The Islamic finance industry is a niche market predominantly serving the needs of the world’s Muslim population. Products marketed under the umbrella of Islamic finance comply with a different investment philosophy as opposed to traditional investment philosophy which the rest of the world are familiar with. Under a Shariah-compliant framework, transactions which are considered to be unethical under Islamic law are prohibited and instead, fund managers invest in products which are compliant with Islamic guidelines. Islamic financial products are accessible to all investors, some of whom choose to allocate into Islamic funds for purposes of portfolio diversification or their preference in investing in products which deemed as socially responsible. In recent years, Islamic finance has been catching on with traditional finance institutions as international banks have expanded into providing Islamic finance services. As the use of derivatives, options and futures are deemed to be speculative; Shariah-compliant products tend to exclude their use, thus making the structure of Islamic finance products different from those found in conventional finance. Though appearing to be esoteric, Islamic finance has been garnering the attention of the broader global investment community as attempts at harmonising the difference between conventional and Islamic finance offers both familiarity and stability to participants of Islamic finance.
The Islamic fund industry ended 2017 with their best performance since 2013, as indicated by the 6.20% gain posted by the Eurekahedge Islamic Fund Index. Globally, equity markets rallied with major equity indices posting new record highs. Asian economies posted incredible growth in contrast to their weak performance over 2016, while European countries exhibited strong recovery from the Eurozone crisis, and Brexit talks were heading to positive direction with ‘soft Brexit’ deals that might dampen the economic impact to the region. Middle East economies also enjoyed the crude oil price rally throughout the second half of the year, which brought oil prices to levels last seen before the price crash in 2015. However, even though Islamic funds posted their best performance since 2013, they underperformed the Dow Jones Islamic World Index, which gained 25.19% over 2017, and the underlying market as represented by the MSCI AC World IMI Index (Local) which gained 17.51% over the same period.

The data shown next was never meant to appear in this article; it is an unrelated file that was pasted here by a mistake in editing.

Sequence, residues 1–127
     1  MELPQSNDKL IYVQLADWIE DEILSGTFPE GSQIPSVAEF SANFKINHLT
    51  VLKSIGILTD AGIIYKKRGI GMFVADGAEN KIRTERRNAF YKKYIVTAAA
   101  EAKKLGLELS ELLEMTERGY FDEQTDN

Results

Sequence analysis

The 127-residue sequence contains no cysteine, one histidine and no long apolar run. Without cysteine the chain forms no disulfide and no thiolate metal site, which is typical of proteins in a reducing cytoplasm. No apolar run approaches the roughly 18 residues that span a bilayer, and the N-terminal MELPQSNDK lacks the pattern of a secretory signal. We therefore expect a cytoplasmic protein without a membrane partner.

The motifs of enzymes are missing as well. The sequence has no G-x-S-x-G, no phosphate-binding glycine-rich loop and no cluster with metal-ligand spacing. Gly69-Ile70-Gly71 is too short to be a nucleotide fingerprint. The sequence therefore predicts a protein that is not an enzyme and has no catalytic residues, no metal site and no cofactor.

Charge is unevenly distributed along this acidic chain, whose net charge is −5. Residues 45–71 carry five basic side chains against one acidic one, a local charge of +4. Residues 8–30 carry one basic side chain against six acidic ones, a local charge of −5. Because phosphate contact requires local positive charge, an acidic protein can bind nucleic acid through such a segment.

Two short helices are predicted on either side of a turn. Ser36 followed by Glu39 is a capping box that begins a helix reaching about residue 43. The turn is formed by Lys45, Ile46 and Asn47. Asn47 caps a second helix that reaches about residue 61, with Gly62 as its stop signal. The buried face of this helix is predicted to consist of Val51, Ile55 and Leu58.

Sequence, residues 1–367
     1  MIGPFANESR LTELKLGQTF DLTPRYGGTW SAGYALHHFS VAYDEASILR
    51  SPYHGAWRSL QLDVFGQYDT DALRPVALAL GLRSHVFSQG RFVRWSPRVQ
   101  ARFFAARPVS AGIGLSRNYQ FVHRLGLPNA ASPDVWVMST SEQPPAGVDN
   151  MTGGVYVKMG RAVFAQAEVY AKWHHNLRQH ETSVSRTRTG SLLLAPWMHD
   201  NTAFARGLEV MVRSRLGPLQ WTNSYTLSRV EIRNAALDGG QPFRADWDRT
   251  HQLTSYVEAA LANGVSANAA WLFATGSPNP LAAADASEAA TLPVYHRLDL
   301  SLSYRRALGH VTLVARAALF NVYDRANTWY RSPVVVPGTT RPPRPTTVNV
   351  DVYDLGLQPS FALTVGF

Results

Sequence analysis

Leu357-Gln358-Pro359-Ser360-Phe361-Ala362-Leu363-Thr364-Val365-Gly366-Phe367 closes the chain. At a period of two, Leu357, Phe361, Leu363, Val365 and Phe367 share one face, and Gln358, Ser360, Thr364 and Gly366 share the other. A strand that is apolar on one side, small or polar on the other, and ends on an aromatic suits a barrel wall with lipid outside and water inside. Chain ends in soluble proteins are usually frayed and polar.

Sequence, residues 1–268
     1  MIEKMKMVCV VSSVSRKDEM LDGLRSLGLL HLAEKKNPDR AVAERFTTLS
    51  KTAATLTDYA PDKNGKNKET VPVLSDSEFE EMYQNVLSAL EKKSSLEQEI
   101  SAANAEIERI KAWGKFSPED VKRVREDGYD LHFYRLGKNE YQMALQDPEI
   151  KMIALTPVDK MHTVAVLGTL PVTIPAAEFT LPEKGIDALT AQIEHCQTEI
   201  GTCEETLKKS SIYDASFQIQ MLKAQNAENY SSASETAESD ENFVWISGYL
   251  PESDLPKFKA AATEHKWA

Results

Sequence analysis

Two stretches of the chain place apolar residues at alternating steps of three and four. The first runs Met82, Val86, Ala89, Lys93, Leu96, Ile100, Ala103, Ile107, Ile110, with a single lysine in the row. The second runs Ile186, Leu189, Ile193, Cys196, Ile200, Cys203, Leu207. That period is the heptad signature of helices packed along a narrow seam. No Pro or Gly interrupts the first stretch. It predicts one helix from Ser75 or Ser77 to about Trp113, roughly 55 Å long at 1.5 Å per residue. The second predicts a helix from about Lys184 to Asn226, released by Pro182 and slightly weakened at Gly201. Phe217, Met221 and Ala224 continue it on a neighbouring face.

Figure 1 shows the industry growth of Islamic funds since 2007 with its assets under management (AUM) currently standing at US$95.16 billion overseen by a total number of 853 funds. The conservative approach of Islamic finance investing has worked in the favour of the Islamic funds in some cases. The 2008 financial crisis which had its epicentre in speculative and highly-leveraged investments is one such instance where Islamic funds have managed to avoid the repercussions of the collapse of asset prices. The Eurekahedge Islamic Fund Index fell only 28.62% in 2008, compared to the MSCI World Index1 which plummeted 41.12%. Growth picked up in the following year as equity markets began to recover, and the number of Islamic funds peaked around 2013 and 2014 before showing a trend of decline.
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1 MSCI AC World Index All Core (Local)